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Discussion Starter #1
Got to see my new bike this weekend and I love it. There are a few little issues that I need to fix, though. First, after I start it cold and let it warm for a couple of minutes, it idles at about 1,000 rpm's (or a little less) and I can shift it into 1st gear easily, but when it thoroughly warms up after 5 - 10 minutes riding, the engine's idling speed increases to about 2,000 rpm's and I have to shift into second to stop the tranny internals from spinning and then slip it into first, if I try going right into 1st gear when it's idling that high, it grinds the gears and then goes into 1st. So that's either a clutch adjustment or idling adjustment or both that it needs (this is my newbie guess at least). Second the rear brake has to be pressed down about an inch and a half before it starts to work and the wing nut on the rear brake adjuster is screwed up almost all the way on the threads, so maybe it needs new rear brake shoes or need the brakes adjusted somehow. The motor sounds and runs excellent and it goes down the road great, actually engine vibration is not bad at all. All things considered I'm thrilled with it, I just need to address these minor issues, also need to install a new steering lock as I have no key for the current one, actually have only one ignition key as well, has Union stamped on it and a code so maybe I can get a replacement of that. Cheers, all and here's a few pictures of it:





 

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**** fine lookin ride! Idle adjustment is pretty simple. It's the screw on the right side of the carburetor. (Of the 2, it's the one to the rear ... the other is the air / fuel mixture) Get it hot then bring the idle down. Then adjust the air / fuel to bring the idle back up. Keep this up until you get the idle where you want it and the a/f isn't idling it up any more. You'll get to where you can 'feel' the carb adjustment. Do a search on clutch adjustment. Bike looks like it was recently restored, so it would shock me if the clutch is shot ... although, it does sound like your rear brake shoes are dead. That wingnut on the brake rod IS the brake adjustment. I know on my '70 500, I can easily lock the rear brake after getting it adjusted. And the twin leading shoe front brake is a monster (as drum brakes go) ... and mine is only 7 inches. (My BRAKE DRUM!! :) )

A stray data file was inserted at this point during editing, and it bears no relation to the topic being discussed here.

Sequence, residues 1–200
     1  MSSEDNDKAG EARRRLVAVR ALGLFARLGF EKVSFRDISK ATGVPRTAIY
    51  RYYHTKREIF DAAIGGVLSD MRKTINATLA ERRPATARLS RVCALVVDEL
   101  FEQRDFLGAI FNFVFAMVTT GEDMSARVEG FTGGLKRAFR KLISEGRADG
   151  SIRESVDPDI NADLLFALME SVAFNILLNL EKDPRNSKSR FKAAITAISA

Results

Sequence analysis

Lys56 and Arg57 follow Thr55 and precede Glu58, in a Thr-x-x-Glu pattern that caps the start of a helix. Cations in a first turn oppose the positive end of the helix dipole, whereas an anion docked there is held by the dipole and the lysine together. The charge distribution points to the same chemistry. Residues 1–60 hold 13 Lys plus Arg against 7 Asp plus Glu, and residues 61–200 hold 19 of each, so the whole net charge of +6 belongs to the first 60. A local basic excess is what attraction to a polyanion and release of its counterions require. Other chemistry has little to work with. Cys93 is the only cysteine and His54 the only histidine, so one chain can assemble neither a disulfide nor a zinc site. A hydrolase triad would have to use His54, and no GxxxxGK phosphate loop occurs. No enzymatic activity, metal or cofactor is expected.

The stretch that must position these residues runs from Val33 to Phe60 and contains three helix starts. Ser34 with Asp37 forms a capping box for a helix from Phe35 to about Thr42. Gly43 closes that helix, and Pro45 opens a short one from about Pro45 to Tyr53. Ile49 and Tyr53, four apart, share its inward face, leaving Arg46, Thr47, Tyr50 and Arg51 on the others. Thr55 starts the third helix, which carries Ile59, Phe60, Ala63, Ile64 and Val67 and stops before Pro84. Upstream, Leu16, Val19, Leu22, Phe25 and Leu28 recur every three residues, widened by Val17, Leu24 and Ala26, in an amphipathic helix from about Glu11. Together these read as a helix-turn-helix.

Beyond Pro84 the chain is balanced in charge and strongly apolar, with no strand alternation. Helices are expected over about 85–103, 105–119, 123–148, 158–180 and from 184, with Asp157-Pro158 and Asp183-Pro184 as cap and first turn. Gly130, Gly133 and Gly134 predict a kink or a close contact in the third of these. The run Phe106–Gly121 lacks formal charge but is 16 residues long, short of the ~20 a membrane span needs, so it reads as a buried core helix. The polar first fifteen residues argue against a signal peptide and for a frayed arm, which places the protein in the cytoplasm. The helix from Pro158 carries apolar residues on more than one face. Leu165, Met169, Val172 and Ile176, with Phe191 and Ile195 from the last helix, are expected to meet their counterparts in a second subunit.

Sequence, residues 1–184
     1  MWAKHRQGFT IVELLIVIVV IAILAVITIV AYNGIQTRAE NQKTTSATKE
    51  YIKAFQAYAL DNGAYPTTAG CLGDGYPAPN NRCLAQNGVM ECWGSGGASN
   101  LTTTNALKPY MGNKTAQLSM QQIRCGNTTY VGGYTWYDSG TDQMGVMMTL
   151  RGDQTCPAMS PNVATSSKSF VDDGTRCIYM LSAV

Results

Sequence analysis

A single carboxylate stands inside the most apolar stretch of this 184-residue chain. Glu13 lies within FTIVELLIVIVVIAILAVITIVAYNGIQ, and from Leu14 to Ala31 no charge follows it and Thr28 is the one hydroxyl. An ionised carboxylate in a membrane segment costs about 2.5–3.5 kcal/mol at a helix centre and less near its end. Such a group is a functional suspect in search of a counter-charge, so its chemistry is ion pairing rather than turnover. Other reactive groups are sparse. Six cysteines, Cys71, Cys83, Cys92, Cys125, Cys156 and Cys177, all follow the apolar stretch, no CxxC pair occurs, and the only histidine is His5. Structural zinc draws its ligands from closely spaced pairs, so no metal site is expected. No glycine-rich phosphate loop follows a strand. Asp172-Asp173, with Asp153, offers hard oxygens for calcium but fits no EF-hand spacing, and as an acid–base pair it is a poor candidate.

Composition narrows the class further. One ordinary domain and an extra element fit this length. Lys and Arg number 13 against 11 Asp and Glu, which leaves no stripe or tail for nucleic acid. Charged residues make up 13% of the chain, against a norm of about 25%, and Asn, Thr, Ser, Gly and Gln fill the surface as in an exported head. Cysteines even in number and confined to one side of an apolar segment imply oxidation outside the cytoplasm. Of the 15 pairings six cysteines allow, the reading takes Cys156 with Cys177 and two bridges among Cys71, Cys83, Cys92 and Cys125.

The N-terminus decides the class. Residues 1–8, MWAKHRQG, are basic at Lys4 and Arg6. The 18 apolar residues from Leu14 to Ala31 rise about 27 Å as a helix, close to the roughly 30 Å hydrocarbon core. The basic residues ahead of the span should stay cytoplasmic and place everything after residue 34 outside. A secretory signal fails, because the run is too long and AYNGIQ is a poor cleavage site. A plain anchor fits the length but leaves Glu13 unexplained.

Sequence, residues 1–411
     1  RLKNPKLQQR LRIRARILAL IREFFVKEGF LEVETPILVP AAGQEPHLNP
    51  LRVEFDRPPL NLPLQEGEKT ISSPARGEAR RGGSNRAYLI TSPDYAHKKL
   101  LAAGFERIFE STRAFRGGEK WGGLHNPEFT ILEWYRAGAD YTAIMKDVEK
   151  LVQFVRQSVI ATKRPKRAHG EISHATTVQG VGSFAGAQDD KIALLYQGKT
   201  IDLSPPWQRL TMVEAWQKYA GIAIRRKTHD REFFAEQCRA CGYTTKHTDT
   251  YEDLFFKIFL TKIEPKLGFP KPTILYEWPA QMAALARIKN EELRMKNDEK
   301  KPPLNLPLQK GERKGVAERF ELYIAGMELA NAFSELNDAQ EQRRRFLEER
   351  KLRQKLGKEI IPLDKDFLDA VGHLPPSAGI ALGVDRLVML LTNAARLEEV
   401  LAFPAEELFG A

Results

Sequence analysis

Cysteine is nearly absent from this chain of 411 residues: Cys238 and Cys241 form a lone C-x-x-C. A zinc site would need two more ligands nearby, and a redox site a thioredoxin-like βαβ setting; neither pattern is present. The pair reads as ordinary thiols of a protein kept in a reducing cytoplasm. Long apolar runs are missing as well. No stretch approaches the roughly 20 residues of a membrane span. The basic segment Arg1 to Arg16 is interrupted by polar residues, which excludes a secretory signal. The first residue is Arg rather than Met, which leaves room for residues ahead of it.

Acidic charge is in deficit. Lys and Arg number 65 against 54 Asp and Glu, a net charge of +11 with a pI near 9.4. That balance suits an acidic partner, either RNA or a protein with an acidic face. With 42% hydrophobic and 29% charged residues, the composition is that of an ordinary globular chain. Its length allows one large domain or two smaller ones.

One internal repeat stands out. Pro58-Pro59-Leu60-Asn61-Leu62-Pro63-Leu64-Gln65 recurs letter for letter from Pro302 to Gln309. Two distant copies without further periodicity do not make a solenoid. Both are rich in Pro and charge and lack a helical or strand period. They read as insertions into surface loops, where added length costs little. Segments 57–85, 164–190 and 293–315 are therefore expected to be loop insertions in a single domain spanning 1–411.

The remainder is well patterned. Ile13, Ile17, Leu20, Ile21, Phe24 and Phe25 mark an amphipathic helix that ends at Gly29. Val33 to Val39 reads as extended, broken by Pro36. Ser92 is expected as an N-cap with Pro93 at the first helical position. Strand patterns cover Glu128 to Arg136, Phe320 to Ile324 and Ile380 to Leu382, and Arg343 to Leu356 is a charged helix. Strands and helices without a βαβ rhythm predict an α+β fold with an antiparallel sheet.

Anyway, sounds like you're only a couple of minor tweaks away from having a real fun summer! Be prepared to be late to stuff all the time because of all the folks who want to stop you and talk about your bike ...

Here's Mine:
 

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Re the brake adjustment. Check you have plenty of brake lining. if so remove the operating lever from the splined spindle on teh wheel from off the splines and refit it a spline different ( back) this will give you more room for your adjusting nut. NOTE. the adjustment position on your bike looks correct, being just before top dead centre, the brake should start to bind at that point ( relative to the splined operating arm) IT may have been replaced a spline or two off.

nice bike, that model/year is probably my all time favourite

hope this helps
 

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Discussion Starter #5
Hey guys, thanks a lot for the compliments. Also thanks for the advice about re-positioning the brake lever on the rear hub on it's spline as a possible remedy to the adjuster wing nut being fully threaded on it's adjustment threads, one way or another (either myself doing it or at a shop I'll have to inspect the drum's lining for thickness and the shoes). I just got my owner's handbook in the mail tonight, and I was thumbing through it, and it mentioned the "air control" on the handlebar, meaning the choke, and said "close the lever to the stop to richen the mixture only when starting a cold motor". Well, the way the bike was delivered to me the choke lever was rotated fully clockwise against the stop, I assumed that was the choke closed position, but now I'm thinking maybe the choke was fully open. That might explain my problem of the idle rising to 2,000 rpm's when the bike warms up, and then my resulting difficulty in shifting into 1st gear at such a high idle, at low, cold idle of 1,000 rpm's it shifted into 1st gear fine, and if I was rolling down a gentle hill even with the 2,000 rpm warmed up idle, it would still slip into 1st fine, it was just at a stop with the high idle that I would grind going into 1st, and then realized that if I put it into 2nd it would stop the tranny internals from spinning, then I'd slip her into 1st. The picture below shows my choke lever position, fully clockwise, I just would like to confirm, is this the choke fully open or fully closed?

 

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Discussion Starter #7
Sweet! Thanks, you have confirmed what I suspected. Most likely my high idling problem was caused by starting bike with choke wide open and leaving it wide open the whole time I was running it. Now that I look at the choke lever it makes sense that in that clockwise direction it's pulling on the cable, and opening the choke. Why it was delivered to me like that, who knows. Now, I just have to figure out if I can fix the brake issue myself or I'm better off bringing it to a shop. I guess if it's in the shop, I could have the whole bike thoroughly checked over, clutch adjusted, the grease fittings greased, maybe the valves adjusted, although I don't think it needs that, I'm just saying I don't really know what to look for in making certain that the bike is properly sorted and adjusted just right. I'll have to look through my service manual to see how complicated it is to check the drum lining for thickness.